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Red Card for Sepp Blatter: Why Did the Corruption in FIFA Go On for So Long?

FIFA's corruption went on for ages, and everyone knew it. Why?

Stew Milne-USA TODAY Sports

As long as the fans come, leagues will not reform.  By now all of us have heard about the seven men arrested in FIFA corruption charges.  And anyone who knows anything about FIFA will say in their hearts or their mouths, "It's about stinkin' time!"  But do we really feel that way?

Right before the World Cup in Brazil, John Oliver went on a glorious (and slightly profanity-laden) rant regarding the corruption of FIFA and their strangehold on all things soccer.  And even as Oliver listed the myriad of ways FIFA coerced and bribed those in Brazil and else where (I'm looking at you Qatar--Qatar??), he gave the punchline that we all knew.  In essence, he said, "And even with all that, I can't wait for the World Cup!"  Oliver knew it, sports leagues know it, and fans know it--as long as the fans come, leagues and associations will not see any need to reform.

The NBA had crooked referees, with Tim Donaghy in the spotlight.  But as long as there's LeBron and Durant and Kobe, the fans will come.

Major League Baseball had the strike in 1994, taking away the World Series win from the Montreal Expos (have you looked at that team?  They would have won it and likely stayed in Montreal, but I digress) and the steroid era of McGwire, Bonds, Sosa, and A-Rod (whose adventures made baseball fans think, "What strike?"), baseball is still chugging along and doing quite well.

The NFL with its concussion issues, domestic violence escapades, and a thousand other issues that make you scratch your head seem impervious to it all because it's killing it in the ratings.

The NHL lost an entire year due to a strike--but it's doing well.

Each of these leagues just had to ride it out.

FIFA?  No wonder they weren't concerned.  Fans who have been bitten by the footy bug will come.  Even MLS fans who thought the whole Jermaine Jones to the Chicago Fire, no, wait, New England Revolution felt something fishy was happening behind closed doors to direct that, even if nothing immoral was happening.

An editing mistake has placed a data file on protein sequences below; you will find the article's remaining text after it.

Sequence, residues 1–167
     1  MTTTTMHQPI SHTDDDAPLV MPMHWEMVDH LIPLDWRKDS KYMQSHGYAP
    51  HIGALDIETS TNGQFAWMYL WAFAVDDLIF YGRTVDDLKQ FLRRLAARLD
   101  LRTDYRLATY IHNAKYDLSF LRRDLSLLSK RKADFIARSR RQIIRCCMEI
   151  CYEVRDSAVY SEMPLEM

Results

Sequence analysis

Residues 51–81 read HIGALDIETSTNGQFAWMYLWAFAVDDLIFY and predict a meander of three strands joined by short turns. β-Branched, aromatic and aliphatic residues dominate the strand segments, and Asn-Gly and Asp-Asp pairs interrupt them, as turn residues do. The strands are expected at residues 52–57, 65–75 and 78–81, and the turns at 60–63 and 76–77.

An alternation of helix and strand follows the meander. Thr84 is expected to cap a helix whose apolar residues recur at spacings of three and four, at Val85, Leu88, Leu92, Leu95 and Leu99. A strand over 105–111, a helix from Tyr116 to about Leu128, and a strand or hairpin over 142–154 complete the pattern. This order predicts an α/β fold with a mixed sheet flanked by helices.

Just as each of these leagues brought about reforms, what it also did was salve the consciences of the fans.  "See?  They're trying to clean it up!  There's nothing wrong with rooting for this league, these teams, and these players."  And FIFA will do the same thing.  FIFA President Sepp Blatter comes out and talks about how egregious these issues are.  ESPN FC's reporters say in response to their research and listening to the hearings say they could not implicate Blatter on anything.

But FIFA is a worldwide organization with many branches.  While Blatter cannot keep up with them all, he can certainly set a tone that authentically shows that everything is above board.  It seems disingenuous that Blatter would be so shocked at these issues happening on his watch.


  1. Arrests are made.
  2. Fans are outraged at the corruption.
  3. Non-fans are amazed at corruption.
  4. The FIFA president expresses dismay at these egregious actions.
  5. Reforms are made.
  6. The fans' consciences are salved.
  7. The non-fans stay skeptical.
  8. "Good, that's over--now let's get on with the beautiful game."
Look--all of us struggle with selfishness and with that horrible philosophy of "the ends justify the means."  And the higher you get in power, the less restraints you have, and the more your true motives come out."  Power corrupts, and absolute power corrupts absolutely--if the core of your being is about getting things done no matter what, and about lining your pockets.

I'm glad these issues have come to the front page of ESPN, BBC, and other worldwide outlets.  May justice be served.